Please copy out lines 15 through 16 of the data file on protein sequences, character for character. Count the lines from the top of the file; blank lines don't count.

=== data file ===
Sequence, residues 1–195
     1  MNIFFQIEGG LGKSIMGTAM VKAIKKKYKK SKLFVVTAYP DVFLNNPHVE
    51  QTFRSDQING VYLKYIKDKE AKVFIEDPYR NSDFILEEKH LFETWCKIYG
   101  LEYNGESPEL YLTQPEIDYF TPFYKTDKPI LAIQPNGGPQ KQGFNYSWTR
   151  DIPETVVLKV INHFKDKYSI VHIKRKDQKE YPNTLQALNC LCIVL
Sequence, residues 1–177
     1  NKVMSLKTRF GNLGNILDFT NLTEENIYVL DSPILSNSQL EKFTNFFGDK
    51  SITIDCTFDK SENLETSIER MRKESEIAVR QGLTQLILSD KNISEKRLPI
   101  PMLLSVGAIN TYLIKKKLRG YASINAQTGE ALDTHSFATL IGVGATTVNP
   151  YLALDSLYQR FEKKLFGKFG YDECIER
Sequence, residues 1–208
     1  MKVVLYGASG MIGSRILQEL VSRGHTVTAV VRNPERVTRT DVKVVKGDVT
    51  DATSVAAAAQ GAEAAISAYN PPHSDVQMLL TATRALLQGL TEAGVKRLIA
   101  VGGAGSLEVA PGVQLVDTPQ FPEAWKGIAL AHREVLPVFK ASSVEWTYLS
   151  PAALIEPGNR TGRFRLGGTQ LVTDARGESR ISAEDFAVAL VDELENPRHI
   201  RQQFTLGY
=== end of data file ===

   151  PAALIEPGNR TGRFRLGGTQ LVTDARGESR ISAEDFAVAL VDELENPRHI
   201  RQQFTLGY